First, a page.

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A “Disney rash” may not be the souvenir you had in mind, but many visitors to Disneyland, Disneyworld, and other amusement parks find they get it.

The medical name for Disney rash is exercise-induced vasculitis (EIV). This condition is also called golfer’s rash, hiker’s rash, and golfer’s vasculitis.

A combination of hot weather, sunlight exposure, and sudden, prolonged periods of walking or exercising outdoors causes this condition. That’s why people who spend long days strolling at theme parks may be prone to it.

EIV isn’t a rash but a condition where small blood vessels in the legs are inflamed. Swelling and discoloration can happen on one or both ankles and legs. It often happens on the calves or shins but may also affect the thighs.

EIV can include large red patches, purple or red dots, and raised welts. It may itch, tingle, burn, or sting. It may also cause no physical sensation to happen.

EIV is typically confined to exposed skin and doesn’t occur under socks or stockings.

It’s not dangerous or contagious. It usually resolves on its own, around 10 days after returning home, once you’re away from the conditions that brought it on.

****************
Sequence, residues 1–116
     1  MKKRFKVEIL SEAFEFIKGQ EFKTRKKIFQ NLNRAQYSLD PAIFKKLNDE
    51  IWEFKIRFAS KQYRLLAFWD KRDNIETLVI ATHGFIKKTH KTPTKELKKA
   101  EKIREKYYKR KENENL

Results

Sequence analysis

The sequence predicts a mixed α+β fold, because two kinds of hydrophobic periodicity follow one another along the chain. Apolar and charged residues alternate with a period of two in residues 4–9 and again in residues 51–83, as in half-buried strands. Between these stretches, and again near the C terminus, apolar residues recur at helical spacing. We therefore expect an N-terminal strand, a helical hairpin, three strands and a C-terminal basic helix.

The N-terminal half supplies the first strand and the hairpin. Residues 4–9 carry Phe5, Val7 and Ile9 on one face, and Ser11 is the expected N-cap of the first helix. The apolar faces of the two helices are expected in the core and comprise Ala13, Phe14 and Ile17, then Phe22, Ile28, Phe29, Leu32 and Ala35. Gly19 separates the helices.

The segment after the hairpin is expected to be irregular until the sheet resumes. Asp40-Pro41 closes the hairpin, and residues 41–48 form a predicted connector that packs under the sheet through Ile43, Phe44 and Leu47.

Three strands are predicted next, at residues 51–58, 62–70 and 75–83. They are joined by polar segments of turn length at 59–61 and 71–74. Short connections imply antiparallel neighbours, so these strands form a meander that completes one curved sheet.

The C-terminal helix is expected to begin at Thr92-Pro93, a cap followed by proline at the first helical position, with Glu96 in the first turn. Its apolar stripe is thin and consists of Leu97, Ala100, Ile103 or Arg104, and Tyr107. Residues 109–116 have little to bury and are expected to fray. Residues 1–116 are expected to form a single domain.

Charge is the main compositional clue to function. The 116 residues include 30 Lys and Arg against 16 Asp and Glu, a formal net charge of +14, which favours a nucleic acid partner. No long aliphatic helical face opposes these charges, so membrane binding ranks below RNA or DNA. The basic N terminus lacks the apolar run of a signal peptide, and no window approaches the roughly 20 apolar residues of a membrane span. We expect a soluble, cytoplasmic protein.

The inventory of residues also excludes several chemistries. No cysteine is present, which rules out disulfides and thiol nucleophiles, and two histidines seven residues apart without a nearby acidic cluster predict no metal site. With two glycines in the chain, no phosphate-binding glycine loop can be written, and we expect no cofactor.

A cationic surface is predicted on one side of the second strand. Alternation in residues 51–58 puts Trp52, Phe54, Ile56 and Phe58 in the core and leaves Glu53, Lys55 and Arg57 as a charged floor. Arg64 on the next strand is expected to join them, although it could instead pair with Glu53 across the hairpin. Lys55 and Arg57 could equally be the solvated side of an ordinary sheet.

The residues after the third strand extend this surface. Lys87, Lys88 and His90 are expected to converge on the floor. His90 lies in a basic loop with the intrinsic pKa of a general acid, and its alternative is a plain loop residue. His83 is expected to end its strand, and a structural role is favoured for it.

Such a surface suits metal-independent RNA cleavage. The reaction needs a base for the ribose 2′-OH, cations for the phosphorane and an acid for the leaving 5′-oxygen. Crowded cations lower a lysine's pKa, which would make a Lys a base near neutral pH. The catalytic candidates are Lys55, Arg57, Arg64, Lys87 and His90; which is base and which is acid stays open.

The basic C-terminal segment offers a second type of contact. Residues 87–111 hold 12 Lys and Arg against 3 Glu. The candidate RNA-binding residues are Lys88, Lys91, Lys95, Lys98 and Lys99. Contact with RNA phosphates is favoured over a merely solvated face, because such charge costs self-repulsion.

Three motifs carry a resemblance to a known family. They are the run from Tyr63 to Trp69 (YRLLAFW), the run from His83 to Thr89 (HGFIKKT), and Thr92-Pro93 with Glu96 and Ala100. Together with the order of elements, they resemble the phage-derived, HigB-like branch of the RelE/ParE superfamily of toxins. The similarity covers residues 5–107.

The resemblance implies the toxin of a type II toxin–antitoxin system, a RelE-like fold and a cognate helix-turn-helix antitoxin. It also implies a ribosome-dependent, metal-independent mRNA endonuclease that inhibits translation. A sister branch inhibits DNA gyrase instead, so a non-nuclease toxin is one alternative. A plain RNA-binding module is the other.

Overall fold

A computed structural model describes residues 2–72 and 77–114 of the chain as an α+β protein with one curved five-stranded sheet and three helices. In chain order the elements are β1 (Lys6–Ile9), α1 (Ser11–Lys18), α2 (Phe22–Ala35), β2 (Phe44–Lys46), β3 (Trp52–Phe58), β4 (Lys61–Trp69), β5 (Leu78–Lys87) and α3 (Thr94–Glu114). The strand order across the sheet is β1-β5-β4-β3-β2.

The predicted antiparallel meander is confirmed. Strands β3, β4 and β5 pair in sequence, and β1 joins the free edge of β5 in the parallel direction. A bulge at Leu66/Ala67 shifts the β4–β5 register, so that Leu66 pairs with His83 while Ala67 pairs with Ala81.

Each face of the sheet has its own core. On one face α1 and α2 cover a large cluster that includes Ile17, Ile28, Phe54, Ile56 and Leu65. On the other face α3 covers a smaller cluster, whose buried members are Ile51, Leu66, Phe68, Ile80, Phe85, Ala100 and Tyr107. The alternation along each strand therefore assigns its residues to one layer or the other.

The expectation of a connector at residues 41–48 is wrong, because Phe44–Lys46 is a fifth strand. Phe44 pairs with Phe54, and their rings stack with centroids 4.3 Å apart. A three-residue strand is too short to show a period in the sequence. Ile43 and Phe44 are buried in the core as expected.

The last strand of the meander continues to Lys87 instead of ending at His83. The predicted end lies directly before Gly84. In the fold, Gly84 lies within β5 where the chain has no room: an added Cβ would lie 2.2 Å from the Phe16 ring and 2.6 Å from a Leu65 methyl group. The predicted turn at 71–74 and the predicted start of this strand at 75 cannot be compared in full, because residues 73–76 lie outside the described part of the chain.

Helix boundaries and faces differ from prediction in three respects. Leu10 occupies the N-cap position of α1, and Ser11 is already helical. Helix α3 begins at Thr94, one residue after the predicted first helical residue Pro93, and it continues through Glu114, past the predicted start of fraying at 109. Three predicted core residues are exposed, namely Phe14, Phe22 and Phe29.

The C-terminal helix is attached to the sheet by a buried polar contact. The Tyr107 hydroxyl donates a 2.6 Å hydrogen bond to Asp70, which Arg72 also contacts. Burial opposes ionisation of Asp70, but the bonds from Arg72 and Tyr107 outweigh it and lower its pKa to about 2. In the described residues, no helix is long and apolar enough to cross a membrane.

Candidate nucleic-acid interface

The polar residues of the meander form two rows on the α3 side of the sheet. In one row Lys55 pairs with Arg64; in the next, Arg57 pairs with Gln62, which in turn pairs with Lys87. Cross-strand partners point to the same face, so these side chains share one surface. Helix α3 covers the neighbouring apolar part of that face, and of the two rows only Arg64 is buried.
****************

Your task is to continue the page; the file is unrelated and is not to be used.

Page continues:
Anyone can get Disney rash, but females over the age of 50 may be most at risk.

No matter your age or sex, there are things you can do to help prevent this condition during vacation.

Protect your skin from the sun

Research indicates it may help if you keep your legs and ankles covered with light clothing, such as socks, stockings, or pants. This will reduce your skin’s exposure to both direct and reflected sunlight.

Anecdotally, some people report using sunscreen has the same effect.

Wear compression clothing

Some research indicates that people who have already experienced an episode of EIV may be able to prevent future occurrences by wearing compression socks or stockings. Compression leggings and pants are also available.

Massage your legs

That same research suggests manual lymphatic drainage massage could be of benefit as well.

This gentle massaging technique is geared toward draining lymph out of the legs and increasing blood flow in both deep and superficial veins in the legs. Here’s how to do it.

Drink water and go light on salt

Drink lots of fluids and avoid eating salty food. This will help avoid the swelling associated with EIV.

Wear moisture-wicking clothing

If it’s hot and sunny, make sure to protect your legs from sun exposure by covering them with light-colored fabric or sunscreen.

If it’s humid, try wearing moisture-wicking socks for added comfort. Covering your skin will help prevent further irritation.